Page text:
Computer vision tasks such as registration, modeling and object recognition, are becoming increasingly useful in industry. Each of these applications employs correspondence algorithms to compute accurate mappings between partially overlapping surfaces. In industry, it is essential to select an appropriate correspondence algorithm for a given surface matching task. A correspondence framework has recently been proposed to assist in the selection and creation of correspondence algorithms for these tasks. This paper demonstrates how to use the correspondence framework to create a new surface matching algorithm, which uses stages of an existing model matching algorithm. The efficiency with which the new algorithm is created using the correspondence frame work is emphasized. In addition, results show that the new algorithm is both robust and efficient.
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The text was submitted by the authors in English.
Birgit Maria Planitz, born in 1978, received B. Engineering (Hons) degree at the Queensland University of Technology (QUT) in Brisbane, Australia (2001). Dr. Planitz then continued her studies at QUT, enrolling in a PhD. The PhD was in the field of computer vision, specializing in three-dimensional surface matching. Dr. Planitz graduated from her postraduate degree in 2005, with two major journal publications, six conference papers and a technical report. She is currently working for the e-Health Research Centre/CSIRO ICT Centre. Dr. Planitz is a member of the Australia Pattern Recognition Society.
Anthony John Maeder, born 1958, graduated with B. Science (Hons) from University of Witwatersrand in 1980 and M. Science from the University of Natal in 1982. He was awarded his PhD in 1992 by Monash University. Dr. Maeder is currently the Research Director, E-Health Research Centre/CSIRO ICT Centre and Adjunct Professor, Faculty of Health Sciences, University of Queensland. His research areas include digital image processing, image and video compression, medical imaging, computer graphics and visualization. Dr. Maeder has 200 publications consisting of 10 monographs and proceedings, 20 journal papers and 180 conference papers. He is a fellow of the Institution of Engineers Australia; a member of IEEE, ACM, ACS, HISA; a member of SPIE International Technical Committee for Medical Imaging; and a member of national executive committee of the Australian Pattern Recognition Society.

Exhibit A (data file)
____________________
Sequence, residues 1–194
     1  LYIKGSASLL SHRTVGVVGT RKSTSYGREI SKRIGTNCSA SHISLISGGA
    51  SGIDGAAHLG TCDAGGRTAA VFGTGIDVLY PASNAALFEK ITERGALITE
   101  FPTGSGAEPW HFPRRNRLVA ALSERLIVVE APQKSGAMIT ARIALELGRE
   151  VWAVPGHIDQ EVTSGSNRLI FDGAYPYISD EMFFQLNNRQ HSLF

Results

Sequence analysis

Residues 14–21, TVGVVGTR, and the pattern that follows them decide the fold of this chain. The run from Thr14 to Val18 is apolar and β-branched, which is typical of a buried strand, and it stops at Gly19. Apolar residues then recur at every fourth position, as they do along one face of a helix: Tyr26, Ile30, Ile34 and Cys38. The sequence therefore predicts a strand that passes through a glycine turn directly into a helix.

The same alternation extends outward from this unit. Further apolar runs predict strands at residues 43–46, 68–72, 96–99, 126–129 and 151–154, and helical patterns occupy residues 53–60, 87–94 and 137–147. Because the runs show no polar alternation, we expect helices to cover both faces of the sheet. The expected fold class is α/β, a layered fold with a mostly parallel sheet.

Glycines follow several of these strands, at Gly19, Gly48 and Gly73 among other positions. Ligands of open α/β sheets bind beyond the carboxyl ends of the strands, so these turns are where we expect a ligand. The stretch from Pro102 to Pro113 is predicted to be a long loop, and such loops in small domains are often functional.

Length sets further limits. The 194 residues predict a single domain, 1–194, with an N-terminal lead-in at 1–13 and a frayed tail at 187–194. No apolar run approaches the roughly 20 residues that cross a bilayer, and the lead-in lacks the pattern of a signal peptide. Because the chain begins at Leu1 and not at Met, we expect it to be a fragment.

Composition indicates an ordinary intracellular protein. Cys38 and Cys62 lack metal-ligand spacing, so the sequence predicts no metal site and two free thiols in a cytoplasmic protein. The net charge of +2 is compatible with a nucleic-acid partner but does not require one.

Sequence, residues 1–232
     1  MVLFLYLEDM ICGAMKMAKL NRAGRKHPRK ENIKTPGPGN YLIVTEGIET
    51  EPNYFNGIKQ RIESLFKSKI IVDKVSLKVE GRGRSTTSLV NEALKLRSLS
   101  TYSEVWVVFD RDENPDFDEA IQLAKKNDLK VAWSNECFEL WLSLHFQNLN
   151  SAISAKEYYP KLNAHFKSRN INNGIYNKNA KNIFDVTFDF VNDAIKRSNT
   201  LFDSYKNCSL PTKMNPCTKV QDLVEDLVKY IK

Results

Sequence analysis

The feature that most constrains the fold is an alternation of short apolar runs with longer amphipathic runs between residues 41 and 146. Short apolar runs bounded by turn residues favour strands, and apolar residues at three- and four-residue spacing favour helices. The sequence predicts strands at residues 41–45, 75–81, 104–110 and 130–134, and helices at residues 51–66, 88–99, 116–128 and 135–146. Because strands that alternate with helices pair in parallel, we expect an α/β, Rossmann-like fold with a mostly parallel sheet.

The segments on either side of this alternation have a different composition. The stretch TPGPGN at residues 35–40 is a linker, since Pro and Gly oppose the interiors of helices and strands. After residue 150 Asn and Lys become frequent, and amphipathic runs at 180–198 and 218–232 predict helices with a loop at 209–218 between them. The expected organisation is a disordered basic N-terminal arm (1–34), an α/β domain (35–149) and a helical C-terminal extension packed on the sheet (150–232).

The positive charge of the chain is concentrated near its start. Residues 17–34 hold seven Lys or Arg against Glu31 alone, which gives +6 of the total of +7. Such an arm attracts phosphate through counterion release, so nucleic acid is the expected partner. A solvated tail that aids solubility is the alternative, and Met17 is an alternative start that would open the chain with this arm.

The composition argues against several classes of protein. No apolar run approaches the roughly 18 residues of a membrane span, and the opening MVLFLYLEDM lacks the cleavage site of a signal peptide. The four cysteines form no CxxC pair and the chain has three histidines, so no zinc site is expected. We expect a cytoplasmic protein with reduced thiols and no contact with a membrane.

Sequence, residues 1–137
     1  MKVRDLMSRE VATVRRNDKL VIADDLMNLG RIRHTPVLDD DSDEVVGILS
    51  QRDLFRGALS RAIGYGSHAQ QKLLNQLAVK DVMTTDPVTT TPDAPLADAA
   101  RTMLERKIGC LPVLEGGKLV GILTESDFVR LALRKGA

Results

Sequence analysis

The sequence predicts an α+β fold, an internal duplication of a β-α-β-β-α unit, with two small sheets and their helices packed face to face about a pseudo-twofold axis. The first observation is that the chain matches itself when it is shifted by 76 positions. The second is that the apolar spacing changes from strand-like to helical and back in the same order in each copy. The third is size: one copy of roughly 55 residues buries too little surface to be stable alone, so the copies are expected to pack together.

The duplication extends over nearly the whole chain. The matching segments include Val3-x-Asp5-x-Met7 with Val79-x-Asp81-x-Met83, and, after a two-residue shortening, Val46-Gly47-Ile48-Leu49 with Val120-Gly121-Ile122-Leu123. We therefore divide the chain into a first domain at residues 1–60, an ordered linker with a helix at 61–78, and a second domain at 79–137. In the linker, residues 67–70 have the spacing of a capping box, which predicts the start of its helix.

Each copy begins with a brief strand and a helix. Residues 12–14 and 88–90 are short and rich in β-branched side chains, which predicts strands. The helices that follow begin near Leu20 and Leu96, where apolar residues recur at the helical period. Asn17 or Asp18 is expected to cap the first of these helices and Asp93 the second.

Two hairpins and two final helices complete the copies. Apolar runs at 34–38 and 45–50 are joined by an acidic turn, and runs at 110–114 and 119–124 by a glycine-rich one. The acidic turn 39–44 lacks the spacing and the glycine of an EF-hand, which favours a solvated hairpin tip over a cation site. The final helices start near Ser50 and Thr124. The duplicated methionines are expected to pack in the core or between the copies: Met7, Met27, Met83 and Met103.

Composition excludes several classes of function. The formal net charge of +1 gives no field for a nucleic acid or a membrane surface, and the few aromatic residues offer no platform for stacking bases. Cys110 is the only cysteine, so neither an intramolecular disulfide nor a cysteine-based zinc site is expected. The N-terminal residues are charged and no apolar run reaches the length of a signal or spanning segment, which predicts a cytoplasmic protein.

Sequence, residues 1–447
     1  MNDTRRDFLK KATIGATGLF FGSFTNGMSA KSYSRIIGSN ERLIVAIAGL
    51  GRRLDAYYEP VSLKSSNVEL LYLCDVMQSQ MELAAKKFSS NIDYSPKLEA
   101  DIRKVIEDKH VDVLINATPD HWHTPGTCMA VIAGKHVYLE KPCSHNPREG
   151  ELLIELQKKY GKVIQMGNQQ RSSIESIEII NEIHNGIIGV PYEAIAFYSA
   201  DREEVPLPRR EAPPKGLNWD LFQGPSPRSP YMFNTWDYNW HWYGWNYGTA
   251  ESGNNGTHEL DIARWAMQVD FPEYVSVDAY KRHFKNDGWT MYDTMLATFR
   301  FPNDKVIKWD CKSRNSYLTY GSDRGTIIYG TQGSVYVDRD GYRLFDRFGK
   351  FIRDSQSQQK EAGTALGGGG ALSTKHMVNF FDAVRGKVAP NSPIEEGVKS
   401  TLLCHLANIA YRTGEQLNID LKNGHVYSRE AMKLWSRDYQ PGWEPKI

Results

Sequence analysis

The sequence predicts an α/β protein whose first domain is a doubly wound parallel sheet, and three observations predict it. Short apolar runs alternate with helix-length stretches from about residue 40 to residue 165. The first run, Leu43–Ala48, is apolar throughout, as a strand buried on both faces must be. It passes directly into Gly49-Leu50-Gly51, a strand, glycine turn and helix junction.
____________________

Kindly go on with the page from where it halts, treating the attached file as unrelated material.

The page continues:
John Alan Williams, born in 1973, was awarded his PhD from the Queensland University of Technology (QUT), Australia, in 2001. He was previously awarded undergraduate degrees in Electronic Engineering and Information Technology (Hons), also from QUT, in 1995. He is currently employed at the School of ITEE at The University of Queensland, Brisbane, Australia, where he holds the position of Research Fellow. Dr. William’s research interests include reconfigurable computing and realtime embedded systems, as well as 3D computer vision and imaging. He has authored 5 refereed journal publications and more than 20 refereed conference publications, and has recently edited the Proceedings of the 2004 IEEE International Conference on Field Programmable Technology. He has been a member of the IEEE for eight years.
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Planitz, B.M., Maeder, A.J. & Williams, J.A. Synthesising surface matching algorithms using the correspondence framework. Pattern Recognit. Image Anal. 17, 199–203 (2007). https://doi.org/10.1134/S1054661807020046
- Iterative Close Point
- Local Match
- Surface Match
- Iterative Close Point Algorithm
- Correspondence Algorithm